“If we want to keep community banking, culture is the key,” said American National Bank – Fox Cities CEO Paul Northway. “There’s going to be a generation of business owners who don’t care about the interest rate, but care that their bank’s values align with their own.”
Culture has drifted in and out of the business world’s limelight for decades, but it’s back in the hot seat today because of the massive disruptions being caused by the coronavirus pandemic. Culture is essential for smooth business operations in a volatile, uncertain, complex, and ambiguous (VUCA) environment. Northway says the bank’s culture, built on its values, guides him and his staff through tough situations. “Everything does start with the ‘why’ and that includes your culture,” he explained.
“Culture is how things happen in a business and how people are treated,” explained Carver Smith, partner at Baker Tilly Search & Staffing, LLC. “You have a culture. Whether or not you define it and work on it is up to you.”
How can banks begin to build culture amid disruption? It starts at the top and involves everyone in the institution. Ken Thompson, president and CEO of Capitol Bank, Madison, calls company culture a team sport. “Everyone contributes, and one person can have a huge impact, negatively or positively,” he said. Thompson recalls the critical importance of culture being a surprise when he took on the role of president in 2003. “Culture wasn’t something I worried about much, but once I was in charge, I realized it’s the glue that keeps organizations thriving,” he said.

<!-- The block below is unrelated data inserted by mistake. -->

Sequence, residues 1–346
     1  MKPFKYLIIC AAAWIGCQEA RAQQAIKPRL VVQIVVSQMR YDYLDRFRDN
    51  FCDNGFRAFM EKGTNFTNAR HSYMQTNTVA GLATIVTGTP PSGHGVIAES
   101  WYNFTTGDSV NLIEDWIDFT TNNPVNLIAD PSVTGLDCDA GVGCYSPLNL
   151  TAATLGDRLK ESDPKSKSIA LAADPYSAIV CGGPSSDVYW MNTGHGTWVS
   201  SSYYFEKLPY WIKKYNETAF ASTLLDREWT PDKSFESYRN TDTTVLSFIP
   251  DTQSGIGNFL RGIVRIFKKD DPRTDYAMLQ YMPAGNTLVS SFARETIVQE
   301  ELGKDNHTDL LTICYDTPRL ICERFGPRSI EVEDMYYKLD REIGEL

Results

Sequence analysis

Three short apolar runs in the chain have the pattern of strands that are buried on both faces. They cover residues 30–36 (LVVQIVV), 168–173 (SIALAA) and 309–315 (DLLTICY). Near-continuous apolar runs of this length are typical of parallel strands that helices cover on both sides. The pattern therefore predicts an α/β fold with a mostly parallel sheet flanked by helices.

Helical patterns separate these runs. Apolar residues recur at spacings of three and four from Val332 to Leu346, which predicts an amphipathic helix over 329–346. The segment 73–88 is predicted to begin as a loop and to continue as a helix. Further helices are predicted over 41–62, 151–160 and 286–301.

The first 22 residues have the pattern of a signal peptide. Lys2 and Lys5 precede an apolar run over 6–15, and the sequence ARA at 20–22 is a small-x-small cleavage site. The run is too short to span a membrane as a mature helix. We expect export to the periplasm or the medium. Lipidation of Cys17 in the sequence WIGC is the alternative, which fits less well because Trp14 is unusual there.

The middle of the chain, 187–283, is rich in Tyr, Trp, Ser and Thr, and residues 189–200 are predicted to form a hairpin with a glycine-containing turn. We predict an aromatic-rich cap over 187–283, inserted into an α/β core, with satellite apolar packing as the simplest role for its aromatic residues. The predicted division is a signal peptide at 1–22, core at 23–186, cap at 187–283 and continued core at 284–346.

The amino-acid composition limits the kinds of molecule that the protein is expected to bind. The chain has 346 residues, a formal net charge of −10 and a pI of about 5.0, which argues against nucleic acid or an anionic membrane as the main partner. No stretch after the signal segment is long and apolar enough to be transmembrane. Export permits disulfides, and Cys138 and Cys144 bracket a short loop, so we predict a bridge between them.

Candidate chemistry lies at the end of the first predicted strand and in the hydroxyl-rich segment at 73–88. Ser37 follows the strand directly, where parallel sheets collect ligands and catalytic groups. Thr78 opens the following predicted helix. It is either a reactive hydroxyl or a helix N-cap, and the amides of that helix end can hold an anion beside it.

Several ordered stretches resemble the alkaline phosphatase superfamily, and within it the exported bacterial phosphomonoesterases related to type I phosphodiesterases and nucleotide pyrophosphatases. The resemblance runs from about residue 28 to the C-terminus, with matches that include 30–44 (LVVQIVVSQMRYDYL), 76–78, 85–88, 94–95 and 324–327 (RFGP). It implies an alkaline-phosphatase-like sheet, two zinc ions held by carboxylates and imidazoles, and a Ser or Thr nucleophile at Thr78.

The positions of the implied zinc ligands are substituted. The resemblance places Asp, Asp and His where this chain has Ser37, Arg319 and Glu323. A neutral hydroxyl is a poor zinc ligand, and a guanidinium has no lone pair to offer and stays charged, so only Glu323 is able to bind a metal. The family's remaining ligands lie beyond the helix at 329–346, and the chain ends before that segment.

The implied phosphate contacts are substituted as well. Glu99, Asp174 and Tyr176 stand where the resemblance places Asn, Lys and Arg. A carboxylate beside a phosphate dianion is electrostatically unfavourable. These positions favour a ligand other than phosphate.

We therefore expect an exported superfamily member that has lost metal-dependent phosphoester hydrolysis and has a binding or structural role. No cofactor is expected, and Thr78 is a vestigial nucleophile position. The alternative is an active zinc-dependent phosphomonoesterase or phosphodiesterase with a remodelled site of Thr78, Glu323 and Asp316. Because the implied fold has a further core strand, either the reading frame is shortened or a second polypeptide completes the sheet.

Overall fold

Northway has a similar perspective. “It’s the primary responsibility of the CEO to be the caretaker of the culture,” he said. “It has to start with the CEO.”
In practice, that means leaders must be actively engaged in building and sustaining the culture of their organization. “Leaders can’t hide in their offices and hope that it’s just going to work out,” said Smith. Instead, leaders must communicate—early and often—to foster transparency and empathy. Candid dialogue about circumstances, challenges, and opportunities engages staff and prevents them from filling in information gaps with their own (possibly inaccurate) narratives. Smith recommends as a best practice having those candid and/or difficult conversations live, either in person or over video conferencing software. “Email doesn’t have the ability to convey what the other person is thinking and allow you to adjust,” he explained.